Despite the relentless efforts of the Springfield College women’s basketball team, the Pride lost to MIT in the NEWMAC Tournament Championship 50-66. The Engineers now advance to the Division III NCAA Tournament.
After defeating MIT in a narrow 58-59 victory during the regular season, the team was unable to do so again today.
Springfield scored the first two points of the game, but MIT responded immediately. The Engineers went on a seven-point run within the first two and a half minutes. Senior Chelsea McAllister put an stop to it by draining a big 3-pointer, sending the crowd of Blake Arena out of their seats.
After a tight defensive start between both teams, MIT led 15-10 at the end of the first quarter.
The Pride came out strong in the second quarter, with McAllister taking a charge during MIT’s first possession. Junior Emily Jacques took over from there. The guard came up with back to back steals, which she and freshman Grace Dzindolet converted into quick points.
With only a mere one point lead, MIT amped up their play and hit back to back 3-pointers. This was only the beginning of what would prove to be a vital offensive game plan for the Engineers.
By the end of the quarter, MIT drained four 3-pointers, shooting 57 percent from behind the arc. From the floor, the Engineers shot an impressive 50 percent, whereas Springfield shot 31 percent.
Going into halftime, the Pride trailed 23-35. Uncharacteristic of Springfield, senior Gracie Restituyo and junior Alex Goslin both had yet to score a single point. By the end of the game, Restituyo and Goslin would put up seven and three points, respectively.
“I think MIT did a really good job taking us out of our offensive continuity,” said women’s basketball head coach Naomi Graves. “In my system, you’ve got to have something inside, either penetration or some presence inside that can score, to get the guards loosened up a little bit for their shot. And we just couldn’t get anything going inside.”
But the Pride looked to turn it around.
In the third quarter, Springfield set the tone defensively by not allowing MIT to score in the first 3:40. The team forced four turnovers for the Engineers, all the while going on a six-point run themselves.
Narrowing the score to 29-35, MIT responded again. Sinking basket after basket, the Engineers created their largest lead of the game at 15 points with 2:20 remaining. They then closed out the quarter leading 47-34.
With just the fourth and final quarter remaining, Springfield fought hard to try to overcome the scoring deficit. However in the end, MIT’s physical style of play and remarkable shooting abilities would lead them to a 66-50 victory over the Pride.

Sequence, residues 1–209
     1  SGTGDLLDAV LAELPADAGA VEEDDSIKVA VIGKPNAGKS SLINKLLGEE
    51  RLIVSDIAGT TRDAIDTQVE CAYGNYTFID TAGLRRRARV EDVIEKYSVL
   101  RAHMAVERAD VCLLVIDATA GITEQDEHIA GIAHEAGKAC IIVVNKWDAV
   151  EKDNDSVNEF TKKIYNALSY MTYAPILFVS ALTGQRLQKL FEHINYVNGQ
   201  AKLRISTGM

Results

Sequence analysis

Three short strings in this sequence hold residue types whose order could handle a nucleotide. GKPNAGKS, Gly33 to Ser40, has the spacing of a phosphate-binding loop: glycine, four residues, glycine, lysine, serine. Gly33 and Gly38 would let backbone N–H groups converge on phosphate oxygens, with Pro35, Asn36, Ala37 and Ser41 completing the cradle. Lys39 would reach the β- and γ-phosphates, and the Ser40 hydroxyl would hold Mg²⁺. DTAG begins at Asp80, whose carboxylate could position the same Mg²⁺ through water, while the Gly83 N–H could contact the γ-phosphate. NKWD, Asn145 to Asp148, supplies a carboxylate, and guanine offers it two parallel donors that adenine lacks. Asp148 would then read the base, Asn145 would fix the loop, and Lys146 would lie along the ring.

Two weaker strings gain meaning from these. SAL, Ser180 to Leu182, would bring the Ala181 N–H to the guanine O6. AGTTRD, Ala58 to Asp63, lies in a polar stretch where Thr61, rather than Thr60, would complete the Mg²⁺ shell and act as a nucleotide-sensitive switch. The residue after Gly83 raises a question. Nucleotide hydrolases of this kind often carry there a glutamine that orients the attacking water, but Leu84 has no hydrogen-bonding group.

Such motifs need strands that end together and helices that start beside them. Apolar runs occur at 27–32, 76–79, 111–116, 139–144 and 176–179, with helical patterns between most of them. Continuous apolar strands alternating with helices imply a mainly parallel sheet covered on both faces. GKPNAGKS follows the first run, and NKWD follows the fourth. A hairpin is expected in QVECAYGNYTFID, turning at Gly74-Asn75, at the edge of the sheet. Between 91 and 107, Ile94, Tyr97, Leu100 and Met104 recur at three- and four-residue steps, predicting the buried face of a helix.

While the team was unable to claim the NEWMAC Championship title, Graves noted that this was a valuable experience for the future of the program.
“I think it was so good for our younger kids to learn what it takes to get to this point, and how hard it is,” she said. “Now, I hope they take that and after a little time, we get them back in, and they motivate themselves to get back in the gym and get better.”
As freshmen, both Amanda Carr and Dzindolet made the most of the experience. Carr finished with four points, tied for the most rebounds with six, and produced the team’s only block. Meanwhile, Dzindolet came up with eight points, five rebounds, and one steal.
Leading the team was junior Jacques with 15 points, three steals, one assist, and two rebounds.
This loss marks the end of the 2018-19 season for the women’s basketball team. The Pride will not look to compete in the Eastern College Athletic Conference (ECAC) Tournament.
“I didn’t want to go to ECAC, because I felt we had learned from ECAC. The reason we went to ECAC had everything to do with learning what it’s like to be in a tournament format,” Graves explained. “My goal is not to play in ECAC. I said to them early, ‘we got our experience, now we’ve got to finish.'”
Although the Pride did not finish the season how they had hoped, Graves is proud of her team.
“Good, bad, or indefferent in how we played today, we went futher this year than we did last year,” she said. “Now, we’ve got to get back here.”
After 132 days of basketball, Springfield ends its season with a overall record of 18-10.